Confession time: I started writing this up ages ago, but forgot to complete it. I still think you can tell a lot about a team’s campaign when you look at their appearance and minutes played data though, so I figured it was still worth posting. Here are the facts and figures for Liverpool in 2014/15, along with a comparison of how many minutes the main men played compared to last season.
Rather than blinding you with a grid filled with numbers, I’ve used a simple heat map; dark red means the player played the full game, through to white where they did not feature (though they may have been on the bench, but I couldn’t find a satisfactory way to show that).
No doubt there’s plenty more to be gained from this info, but here are a few of the things that I noticed:
- Brendan Rodgers only used all three of his substitutes in thirty-six of the fifty-eight matches this season; 62% of the time. It won’t always have been appropriate to use all three of course, but as the Reds failed to win thirty-two games in 2014/15, there will have been plenty of times when further changes might have helped. That said, Liverpool averaged 1.68 points per game when not using their full complement of changes, but 1.59 when they did, so it’s certainly not decisive.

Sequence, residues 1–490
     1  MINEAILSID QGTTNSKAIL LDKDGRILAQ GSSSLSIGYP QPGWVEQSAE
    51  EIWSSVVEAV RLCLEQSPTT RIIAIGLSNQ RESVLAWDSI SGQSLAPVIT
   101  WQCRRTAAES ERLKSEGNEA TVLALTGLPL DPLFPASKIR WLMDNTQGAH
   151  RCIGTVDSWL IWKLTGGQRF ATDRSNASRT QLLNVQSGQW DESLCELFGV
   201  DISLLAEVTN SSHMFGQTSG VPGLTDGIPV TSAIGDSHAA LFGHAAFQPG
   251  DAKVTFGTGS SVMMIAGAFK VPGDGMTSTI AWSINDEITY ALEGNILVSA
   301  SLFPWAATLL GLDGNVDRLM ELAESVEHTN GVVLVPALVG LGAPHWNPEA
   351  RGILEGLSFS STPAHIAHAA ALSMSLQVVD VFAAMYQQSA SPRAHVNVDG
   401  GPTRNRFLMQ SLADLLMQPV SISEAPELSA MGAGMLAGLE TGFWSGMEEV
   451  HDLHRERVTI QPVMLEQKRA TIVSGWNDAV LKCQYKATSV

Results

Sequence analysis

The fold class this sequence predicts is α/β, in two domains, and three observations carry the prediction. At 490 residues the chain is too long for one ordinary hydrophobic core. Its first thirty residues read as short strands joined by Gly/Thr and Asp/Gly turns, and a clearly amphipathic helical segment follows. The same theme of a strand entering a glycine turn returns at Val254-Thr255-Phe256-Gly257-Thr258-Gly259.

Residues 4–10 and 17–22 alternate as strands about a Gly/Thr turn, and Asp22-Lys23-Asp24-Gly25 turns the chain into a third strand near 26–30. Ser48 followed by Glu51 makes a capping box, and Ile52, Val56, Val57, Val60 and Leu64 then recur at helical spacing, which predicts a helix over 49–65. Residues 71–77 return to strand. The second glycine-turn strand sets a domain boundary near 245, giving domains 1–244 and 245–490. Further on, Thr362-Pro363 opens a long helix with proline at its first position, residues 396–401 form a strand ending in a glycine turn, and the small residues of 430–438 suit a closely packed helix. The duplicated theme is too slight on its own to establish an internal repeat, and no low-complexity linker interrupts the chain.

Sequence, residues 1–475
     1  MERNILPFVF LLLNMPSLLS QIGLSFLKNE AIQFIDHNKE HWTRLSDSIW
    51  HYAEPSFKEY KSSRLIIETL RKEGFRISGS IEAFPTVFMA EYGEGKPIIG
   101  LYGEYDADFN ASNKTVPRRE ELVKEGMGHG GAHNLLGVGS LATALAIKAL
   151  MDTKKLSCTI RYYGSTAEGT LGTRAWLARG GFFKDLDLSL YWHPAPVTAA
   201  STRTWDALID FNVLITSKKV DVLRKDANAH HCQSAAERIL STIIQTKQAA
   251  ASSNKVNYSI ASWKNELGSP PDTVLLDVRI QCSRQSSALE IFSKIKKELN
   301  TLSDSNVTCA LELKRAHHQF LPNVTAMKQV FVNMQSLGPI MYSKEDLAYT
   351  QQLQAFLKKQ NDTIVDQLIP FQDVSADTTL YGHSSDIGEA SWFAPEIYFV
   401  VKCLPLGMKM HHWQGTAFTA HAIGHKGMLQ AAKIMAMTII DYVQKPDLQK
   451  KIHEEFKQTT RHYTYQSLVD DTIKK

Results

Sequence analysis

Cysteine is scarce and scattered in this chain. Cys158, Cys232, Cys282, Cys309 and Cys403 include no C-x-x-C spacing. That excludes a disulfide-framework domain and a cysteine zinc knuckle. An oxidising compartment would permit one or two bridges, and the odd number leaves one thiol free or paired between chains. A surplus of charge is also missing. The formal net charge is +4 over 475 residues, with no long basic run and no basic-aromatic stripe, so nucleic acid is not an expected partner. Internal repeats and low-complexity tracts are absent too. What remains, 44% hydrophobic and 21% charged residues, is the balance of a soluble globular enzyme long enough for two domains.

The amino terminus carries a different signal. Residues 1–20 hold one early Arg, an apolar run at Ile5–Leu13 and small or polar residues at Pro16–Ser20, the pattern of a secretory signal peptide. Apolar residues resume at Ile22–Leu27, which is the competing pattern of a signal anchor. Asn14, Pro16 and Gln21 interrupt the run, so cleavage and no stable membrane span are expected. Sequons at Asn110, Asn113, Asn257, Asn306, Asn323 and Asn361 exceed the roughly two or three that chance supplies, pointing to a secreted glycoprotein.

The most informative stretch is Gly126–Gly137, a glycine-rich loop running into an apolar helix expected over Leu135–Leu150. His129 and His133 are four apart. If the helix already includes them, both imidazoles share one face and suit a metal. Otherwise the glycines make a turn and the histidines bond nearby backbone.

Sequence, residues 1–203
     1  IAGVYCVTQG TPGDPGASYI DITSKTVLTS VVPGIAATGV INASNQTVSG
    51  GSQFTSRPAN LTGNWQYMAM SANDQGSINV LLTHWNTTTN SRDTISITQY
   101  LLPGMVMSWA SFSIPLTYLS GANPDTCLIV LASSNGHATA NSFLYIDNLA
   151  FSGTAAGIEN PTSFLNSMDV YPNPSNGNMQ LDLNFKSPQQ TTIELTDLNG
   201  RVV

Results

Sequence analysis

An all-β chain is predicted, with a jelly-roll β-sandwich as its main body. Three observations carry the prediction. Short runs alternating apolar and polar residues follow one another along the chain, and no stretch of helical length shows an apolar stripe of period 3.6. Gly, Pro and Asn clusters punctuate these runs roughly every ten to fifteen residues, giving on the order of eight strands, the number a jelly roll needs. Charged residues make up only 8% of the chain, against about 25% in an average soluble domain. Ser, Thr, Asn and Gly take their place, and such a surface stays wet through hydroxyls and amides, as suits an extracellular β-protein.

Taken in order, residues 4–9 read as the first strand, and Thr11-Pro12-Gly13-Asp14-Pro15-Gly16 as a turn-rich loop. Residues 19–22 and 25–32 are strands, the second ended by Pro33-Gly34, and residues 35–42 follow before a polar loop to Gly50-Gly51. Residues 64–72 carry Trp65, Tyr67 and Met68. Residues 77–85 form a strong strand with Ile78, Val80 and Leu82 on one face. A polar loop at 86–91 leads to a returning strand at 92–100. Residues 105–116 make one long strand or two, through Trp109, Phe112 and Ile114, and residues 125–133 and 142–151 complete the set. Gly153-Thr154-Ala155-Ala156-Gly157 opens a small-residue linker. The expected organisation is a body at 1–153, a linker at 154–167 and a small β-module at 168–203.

- Jordan Henderson played 115 minutes more than Liverpool’s four recognised strikers did between them in total.
- Chelsea at home in the League Cup was the only match not to feature any of the strikers, but there were nineteen games where they mustered forty-five minutes or less between them. Only three matches featured at least 180 minutes of strikers, and one of those was a game featuring extra time (Besiktas away).
- Henderson set the record for consecutive appearances by an outfield player: 24. Emre Can would likely have equalled or bettered it had he not been sent off at Arsenal, which left him stranded on 23.
- Only ten players made more appearances than Rickie Lambert, but no player with more than two run outs had a lower average appearance length. The former Southampton man only played more than forty-five minutes on eleven occasions. The three strikers aside from Sturridge were bottom of the pile for average appearance length (for players with a minimum of three apps).
- When compared to 2013/14, Raheem Sterling saw the largest increase in his club minutes; 1,980 more, or the equivalent of twenty-two games.
Sterling may no longer matter to Liverpool, but his departure combined with Gerrard’s means that two of the top six most played outfielders are no longer at the club. With the demands of a Europa League campaign to negotiate, the Reds could easily face a similar number of games this season, so I hope we see a wider use of the squad than occurred in 2014/15.